Do you find yourself thinking about avoiding failure, or do you consistently think about achieving success? The difference between these two perspectives can fundamentally influence your career. Focusing your thinking on dodging failure can lead to devastating outcomes.
In 1978, I watched Karl Wallenda on live TV as he attempted to walk between two hotels on a wire stretched 121 feet above the pavement in San Juan, Puerto Rico. Karl was the founder of The Great Wallendas, an internationally recognized daredevil circus act famous for performing death-defying stunts without a safety net. At age 73 and with winds exceeding 30 miles per hour, Wallenda stepped out to what was soon to become his final act.
Prior to the walk, Wallenda was not his usual confident and positive self. In fact, Wallenda was so concerned about this performance that he had personally inspected all the ropes before the walk, something he had never done before, according to his family.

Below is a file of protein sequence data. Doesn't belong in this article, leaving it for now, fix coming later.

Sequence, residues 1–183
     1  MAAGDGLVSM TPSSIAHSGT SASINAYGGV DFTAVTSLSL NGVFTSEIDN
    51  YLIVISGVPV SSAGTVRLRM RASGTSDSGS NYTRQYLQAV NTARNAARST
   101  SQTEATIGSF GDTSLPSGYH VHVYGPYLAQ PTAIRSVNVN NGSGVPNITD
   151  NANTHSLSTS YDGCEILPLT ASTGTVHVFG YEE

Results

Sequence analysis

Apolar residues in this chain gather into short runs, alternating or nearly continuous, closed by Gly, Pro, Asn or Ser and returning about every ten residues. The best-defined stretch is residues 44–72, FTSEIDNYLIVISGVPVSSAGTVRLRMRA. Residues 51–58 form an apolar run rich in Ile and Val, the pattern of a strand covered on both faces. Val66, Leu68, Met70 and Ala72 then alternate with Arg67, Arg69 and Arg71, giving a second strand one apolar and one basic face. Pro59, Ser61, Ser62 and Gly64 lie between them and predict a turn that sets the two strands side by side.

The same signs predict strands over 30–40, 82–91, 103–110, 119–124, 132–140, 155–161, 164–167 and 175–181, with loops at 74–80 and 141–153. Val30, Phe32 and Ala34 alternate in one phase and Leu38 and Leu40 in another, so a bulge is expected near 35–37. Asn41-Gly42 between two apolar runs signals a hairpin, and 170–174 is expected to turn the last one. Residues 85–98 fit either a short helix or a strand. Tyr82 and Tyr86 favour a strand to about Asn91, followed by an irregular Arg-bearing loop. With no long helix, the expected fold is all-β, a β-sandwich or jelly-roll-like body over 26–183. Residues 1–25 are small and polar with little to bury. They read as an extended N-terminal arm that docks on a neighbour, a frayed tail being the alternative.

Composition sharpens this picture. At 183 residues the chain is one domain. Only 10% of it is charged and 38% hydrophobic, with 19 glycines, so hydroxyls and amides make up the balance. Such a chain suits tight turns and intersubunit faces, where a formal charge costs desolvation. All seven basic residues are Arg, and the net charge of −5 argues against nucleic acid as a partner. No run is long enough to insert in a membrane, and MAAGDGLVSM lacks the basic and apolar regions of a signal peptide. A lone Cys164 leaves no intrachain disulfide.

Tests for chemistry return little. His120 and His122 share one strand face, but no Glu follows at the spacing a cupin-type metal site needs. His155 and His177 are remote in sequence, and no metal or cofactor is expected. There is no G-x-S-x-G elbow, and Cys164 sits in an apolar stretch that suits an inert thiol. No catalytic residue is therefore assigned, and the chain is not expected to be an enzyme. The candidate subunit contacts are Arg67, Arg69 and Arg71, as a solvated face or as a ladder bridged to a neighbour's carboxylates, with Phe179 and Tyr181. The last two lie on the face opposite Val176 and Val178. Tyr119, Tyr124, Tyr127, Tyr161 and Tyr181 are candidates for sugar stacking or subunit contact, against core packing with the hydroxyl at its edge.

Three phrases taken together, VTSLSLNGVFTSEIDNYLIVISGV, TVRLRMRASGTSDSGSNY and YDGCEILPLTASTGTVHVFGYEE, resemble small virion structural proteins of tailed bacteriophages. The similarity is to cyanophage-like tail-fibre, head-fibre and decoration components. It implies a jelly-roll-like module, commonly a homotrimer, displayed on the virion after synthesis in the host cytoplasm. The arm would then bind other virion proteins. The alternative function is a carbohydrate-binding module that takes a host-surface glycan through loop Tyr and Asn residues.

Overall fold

He climbed to the tower and after taking a few steps Wallenda seemed tentative and appeared to be struggling with his balance. Everyone watching attributed this to the added suspense of the show. However, when he released the balancing pole and he tried to hold on to the cable with his hands, it soon became evident that he was in a precarious situation. Suddenly, he lost his grip on the wire and fell to his death. As everyone was mourning Wallenda, his family declared that the show would go on.
As the international press arrived to interview the Wallendas, his wife Helen recalled, "All Karl thought about for three straight months prior to it was falling. It was the first time he'd ever thought about that, and it seemed to me that he put all his energies into not falling rather than walking the tightrope successfully." It was a tragic moment, underscoring the difference between using our efforts to avoid failure and aiming them to attain success.